Friday, May 24, 2024

MMIP walk/run raises awareness of those who are missing

Reporter | May 9, 2024 12:00 AM

To call attention to Missing and Murdered Indigenous People, Salish Kootenai College, Providence St. Joseph’s Medical Center, Safe Harbor, and the Confederated Salish and Kootenai Tribes collaborated for a second year on the MMIP Awareness 5K Walk/Run, held May 4 at the Silver Fox Golf Course in Pablo.

Dr. Nichole Mckinsey and colleagues from St. Joseph’s were registering runners. Mckinsey had not been familiar with MMIP when she first heard about it but then realized many patients were dealing with issues of missing friends or family members.

“We had to do something,” she said. The MMIP walk/run helps raise awareness of the problem, educates people, and provides a healthy activity. 

About 150 people gathered for the free event. Any donations go to the CSKT MMIP Victim Services Assistance Fund, Mckinsey said. 

At 10 a.m., Dana Grant from Safe Harbor introduced two people whose family members are still missing. 

Belinda Morigeau, Jermain Charlo’s aunt, spoke briefly, breaking down often, and noted that Jermain has been missing for six years.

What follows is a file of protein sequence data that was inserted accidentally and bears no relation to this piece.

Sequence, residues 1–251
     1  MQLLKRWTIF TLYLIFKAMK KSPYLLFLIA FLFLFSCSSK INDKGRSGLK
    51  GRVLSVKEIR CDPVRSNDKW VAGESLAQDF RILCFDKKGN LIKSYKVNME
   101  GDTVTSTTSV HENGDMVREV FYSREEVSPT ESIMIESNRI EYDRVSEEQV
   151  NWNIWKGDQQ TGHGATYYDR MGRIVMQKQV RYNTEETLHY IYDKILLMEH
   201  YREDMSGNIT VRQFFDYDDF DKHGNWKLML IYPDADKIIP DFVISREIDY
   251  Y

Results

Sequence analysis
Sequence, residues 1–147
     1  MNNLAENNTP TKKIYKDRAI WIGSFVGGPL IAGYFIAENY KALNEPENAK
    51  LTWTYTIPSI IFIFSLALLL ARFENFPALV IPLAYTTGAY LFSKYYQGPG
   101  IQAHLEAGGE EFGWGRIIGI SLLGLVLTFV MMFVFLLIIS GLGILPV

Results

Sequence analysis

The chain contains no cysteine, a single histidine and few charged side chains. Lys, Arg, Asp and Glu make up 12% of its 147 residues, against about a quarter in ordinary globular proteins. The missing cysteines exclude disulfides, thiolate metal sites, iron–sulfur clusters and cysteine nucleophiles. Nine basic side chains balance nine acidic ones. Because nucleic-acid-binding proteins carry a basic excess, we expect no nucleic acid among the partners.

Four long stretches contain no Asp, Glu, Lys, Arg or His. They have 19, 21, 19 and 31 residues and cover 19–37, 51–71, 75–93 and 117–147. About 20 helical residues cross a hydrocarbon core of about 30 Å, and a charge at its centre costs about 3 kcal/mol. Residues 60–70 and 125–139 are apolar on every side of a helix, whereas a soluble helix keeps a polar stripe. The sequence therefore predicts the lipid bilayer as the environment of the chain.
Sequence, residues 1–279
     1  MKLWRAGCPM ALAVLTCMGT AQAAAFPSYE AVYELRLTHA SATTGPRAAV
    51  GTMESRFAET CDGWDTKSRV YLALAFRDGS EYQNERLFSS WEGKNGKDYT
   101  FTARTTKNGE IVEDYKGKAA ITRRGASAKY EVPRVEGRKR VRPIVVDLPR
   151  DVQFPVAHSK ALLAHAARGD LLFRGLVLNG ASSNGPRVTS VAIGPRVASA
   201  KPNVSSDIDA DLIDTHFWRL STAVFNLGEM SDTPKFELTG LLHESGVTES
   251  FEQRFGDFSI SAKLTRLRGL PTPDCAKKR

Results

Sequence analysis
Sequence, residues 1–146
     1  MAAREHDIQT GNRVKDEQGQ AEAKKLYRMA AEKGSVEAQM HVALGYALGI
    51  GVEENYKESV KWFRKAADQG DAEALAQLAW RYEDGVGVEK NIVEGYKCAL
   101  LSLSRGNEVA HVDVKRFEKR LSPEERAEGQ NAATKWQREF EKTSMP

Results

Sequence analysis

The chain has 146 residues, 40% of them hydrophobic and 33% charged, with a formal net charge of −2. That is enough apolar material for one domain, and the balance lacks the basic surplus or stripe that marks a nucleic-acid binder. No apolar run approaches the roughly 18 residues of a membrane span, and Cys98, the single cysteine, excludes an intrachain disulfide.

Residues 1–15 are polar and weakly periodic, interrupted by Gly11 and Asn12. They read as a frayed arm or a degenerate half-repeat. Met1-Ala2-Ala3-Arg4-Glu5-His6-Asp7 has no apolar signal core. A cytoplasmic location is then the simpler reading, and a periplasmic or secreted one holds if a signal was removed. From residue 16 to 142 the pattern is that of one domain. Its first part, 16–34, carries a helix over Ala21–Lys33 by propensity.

Michael Adams, who introduced himself as a quiet person and the last one to speak publicly, told the crowd that he grew up without a mother. His family lived in Alaska, and his mother disappeared in 1998. 

“It left scars on our family, scars that never go away,” he said. 

Adams brought copies of research on childhood trauma and its effects on children for people to read.

At the close of their comments, Grant said, “Now we walk towards the mountains.” 

Participants, some with strollers, one pushing a friend’s wheelchair, headed towards the Silver Fox Golf Course on a glorious spring morning to walk or run in honor of MMIP.